Downton Abbey Season 3 Episode 4

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Set in Summer 1920…

A backlog of mail arrives. Thank goodness the phone hasn’t stopped the flow of tiny envelopes to Downton Abbey. But alas, no letters for Anna…

Ethel says goodbye to Charlie

Ethel gives her son to Charlie's grandparents

Isobel brings a letter from Ethel to Mrs Hughes. Ethel and Mrs Hughes meet at Isobel’s house; Ethel wants Mrs Hughes to arrange a visit with her and Charlie’s grandparents. Isobel’s maid’s nose is out of joint with the mere presence of ‘prostitute’ Ethel – it’s not part of her duties to wait on the likes of Ethel says she. A meeting is arranged with Charlie’s moustached grandfather and grandmother, Mr and Mrs Bryant. After a bit of stern judgement upon Ethel, they offer Ethel some money. She refuses but wants them to raise Charlie. Tearful goodbyes ensue. Ethel walks off…

Lady Mary’s turning the nursery into a sitting room. Matthew wonders why she’s been at the doctor and it’s clear he’s hoping children are in the future. Mary says they’ll worry about that further down the line.

Matthew and Mary in the nursury

We'll worry about children a bit later Mary advises Matthew

Lady Edith and Violet have a chat about keeping Edith busy after being jilted at the altar. Edith writes to the paper but no one believes it will be published. Lord Grantham loses his mind when he discovers the letter in the morning paper arguing for increased women’s rights. It appears Edith has found something to distract her from romantic woes.

Lady Edith at the breakfast table

Lady Edith has finally been vindicated as useful

Bates finds out he’s been labelled a dangerous prisoner after his attack on Craig, his cellmate. That’s also reason why he no longer receives mail or visits from Anna. His friend is helping him out again because he doesn’t like Craig. Another cell search takes place, but this time the guards find contraband in Craig’s bed. We are never quite sure what exactly is in the small mysterious brown packages everyone uses to blackmail each other. Craig threatens Bates on the way out of his cell with the guards. After Craig is gone, Bates gets all his letters that were withheld when he was out of favour. Anna receives her package of overdue letters also. Both are seen joyfully reading the letters before bed.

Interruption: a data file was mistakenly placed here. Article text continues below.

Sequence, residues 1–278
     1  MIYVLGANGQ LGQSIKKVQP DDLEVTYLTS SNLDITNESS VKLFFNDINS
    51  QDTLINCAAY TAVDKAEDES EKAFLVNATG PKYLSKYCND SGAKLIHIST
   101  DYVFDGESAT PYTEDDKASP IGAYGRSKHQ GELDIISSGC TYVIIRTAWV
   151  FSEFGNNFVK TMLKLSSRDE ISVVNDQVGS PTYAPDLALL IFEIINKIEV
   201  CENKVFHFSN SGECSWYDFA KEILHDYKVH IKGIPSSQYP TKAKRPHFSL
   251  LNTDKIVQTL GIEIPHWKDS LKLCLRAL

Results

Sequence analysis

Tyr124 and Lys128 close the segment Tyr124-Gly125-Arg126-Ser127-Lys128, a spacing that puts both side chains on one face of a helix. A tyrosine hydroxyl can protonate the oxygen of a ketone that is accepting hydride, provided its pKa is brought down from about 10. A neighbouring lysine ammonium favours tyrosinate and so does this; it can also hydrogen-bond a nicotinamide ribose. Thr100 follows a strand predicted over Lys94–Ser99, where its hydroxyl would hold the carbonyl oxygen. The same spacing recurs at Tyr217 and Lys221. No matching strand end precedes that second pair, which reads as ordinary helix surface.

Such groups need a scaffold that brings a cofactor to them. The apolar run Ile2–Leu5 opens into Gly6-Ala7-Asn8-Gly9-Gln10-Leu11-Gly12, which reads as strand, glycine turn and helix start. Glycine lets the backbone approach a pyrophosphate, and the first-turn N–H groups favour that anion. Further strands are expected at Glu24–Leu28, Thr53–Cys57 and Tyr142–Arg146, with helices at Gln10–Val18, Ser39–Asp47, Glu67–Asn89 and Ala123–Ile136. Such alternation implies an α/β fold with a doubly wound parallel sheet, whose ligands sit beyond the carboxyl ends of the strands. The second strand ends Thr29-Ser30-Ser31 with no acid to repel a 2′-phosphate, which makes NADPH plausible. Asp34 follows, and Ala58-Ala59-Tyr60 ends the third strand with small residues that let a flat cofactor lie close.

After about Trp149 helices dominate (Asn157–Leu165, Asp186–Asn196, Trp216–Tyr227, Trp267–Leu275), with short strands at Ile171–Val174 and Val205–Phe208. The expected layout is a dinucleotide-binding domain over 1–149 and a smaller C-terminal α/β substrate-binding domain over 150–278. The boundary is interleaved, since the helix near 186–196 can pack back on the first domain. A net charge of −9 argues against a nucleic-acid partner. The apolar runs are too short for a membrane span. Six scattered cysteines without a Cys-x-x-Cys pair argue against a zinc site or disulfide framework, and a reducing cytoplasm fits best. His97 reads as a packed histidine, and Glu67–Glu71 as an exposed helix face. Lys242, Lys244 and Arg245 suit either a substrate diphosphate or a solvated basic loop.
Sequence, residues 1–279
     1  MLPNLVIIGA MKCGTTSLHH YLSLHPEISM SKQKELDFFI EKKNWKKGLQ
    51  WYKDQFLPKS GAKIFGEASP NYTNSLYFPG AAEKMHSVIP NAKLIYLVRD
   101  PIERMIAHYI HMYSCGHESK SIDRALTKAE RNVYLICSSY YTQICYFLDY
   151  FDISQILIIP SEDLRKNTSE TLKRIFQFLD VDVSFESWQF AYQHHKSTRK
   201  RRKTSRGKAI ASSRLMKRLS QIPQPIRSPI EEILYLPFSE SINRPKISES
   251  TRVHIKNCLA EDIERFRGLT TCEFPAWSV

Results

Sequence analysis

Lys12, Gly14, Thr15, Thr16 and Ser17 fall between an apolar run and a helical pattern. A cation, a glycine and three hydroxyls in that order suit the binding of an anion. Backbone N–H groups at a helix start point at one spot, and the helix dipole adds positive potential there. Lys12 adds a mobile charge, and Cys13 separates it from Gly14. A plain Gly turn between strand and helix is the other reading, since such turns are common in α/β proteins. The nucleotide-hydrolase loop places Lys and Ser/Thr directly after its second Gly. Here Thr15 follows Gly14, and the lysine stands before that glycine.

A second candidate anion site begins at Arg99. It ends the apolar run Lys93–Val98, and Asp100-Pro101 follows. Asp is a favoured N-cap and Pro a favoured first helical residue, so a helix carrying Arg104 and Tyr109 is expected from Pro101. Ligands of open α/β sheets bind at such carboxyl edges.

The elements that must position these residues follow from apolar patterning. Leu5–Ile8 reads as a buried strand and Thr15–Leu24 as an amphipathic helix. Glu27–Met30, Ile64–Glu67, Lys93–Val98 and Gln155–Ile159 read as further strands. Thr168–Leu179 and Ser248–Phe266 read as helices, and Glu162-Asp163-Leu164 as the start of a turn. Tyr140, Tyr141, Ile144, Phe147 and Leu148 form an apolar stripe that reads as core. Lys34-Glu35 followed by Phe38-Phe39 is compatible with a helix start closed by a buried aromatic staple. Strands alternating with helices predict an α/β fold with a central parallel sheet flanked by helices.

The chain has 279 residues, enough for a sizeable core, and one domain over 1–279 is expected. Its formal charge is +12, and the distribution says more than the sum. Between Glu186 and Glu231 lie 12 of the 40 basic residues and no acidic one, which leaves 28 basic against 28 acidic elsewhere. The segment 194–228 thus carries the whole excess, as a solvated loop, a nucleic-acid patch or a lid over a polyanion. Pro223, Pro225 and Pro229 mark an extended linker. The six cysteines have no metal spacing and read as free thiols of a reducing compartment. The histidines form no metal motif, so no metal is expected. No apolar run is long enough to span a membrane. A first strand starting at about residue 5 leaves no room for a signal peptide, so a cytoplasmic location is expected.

Bates is relieved

Bates is relieved to find out he's been labelled a dangerous prisoner

Edith receives a troubling phone call from Sybil. Thomas arrives soaking wet during dinner. He’s on the run from the Irish authorities after Drumgoole castle is burnt down in Dublin and Branson is implicated in the crime. He’s distraught when Robert yells at him and sends him to bed. Robert goes to London to arrange clemency for Tom with the home secretary. Sybil finally arrives at Downton safe and sound. It’s discovered that Tom attended meetings where attack plans on the Anglo Irish were discussed. Lord Grantham works out a deal, but the two rebels aren’t allowed to return to Ireland. Tensions rise between Sybil and Tom.

Sybil and Tom reunite

Reunited and it feels so good, for now

Jimmy (James) Kent

The dashing new footman

Carson wants to bring the staff back up to snuff. He hires a footman and a maid. Jimmy Kent (James) arrives on the scene and Tommy gives him a gamey eye up and down. The girls downstairs also swoon at the dashing new footman. Mary encouraged Carson to hire a good looking footman to cheer everyone up. Even Violet is impressed with his appearance. The wheels are turning in O’Brien’s head. She can tell Thomas has the hots for him. More romantic intrigue arrives in the form of Ivy Stewart. She arrives while Daisy is in the middle of telling Alfred she’s interested in him. Alfred immediately notices Ivy, much to Daisy’s chagrin. Daisy takes it out on the new kitchen maid, even though she got a promotion to Mrs Patmore’s assistant.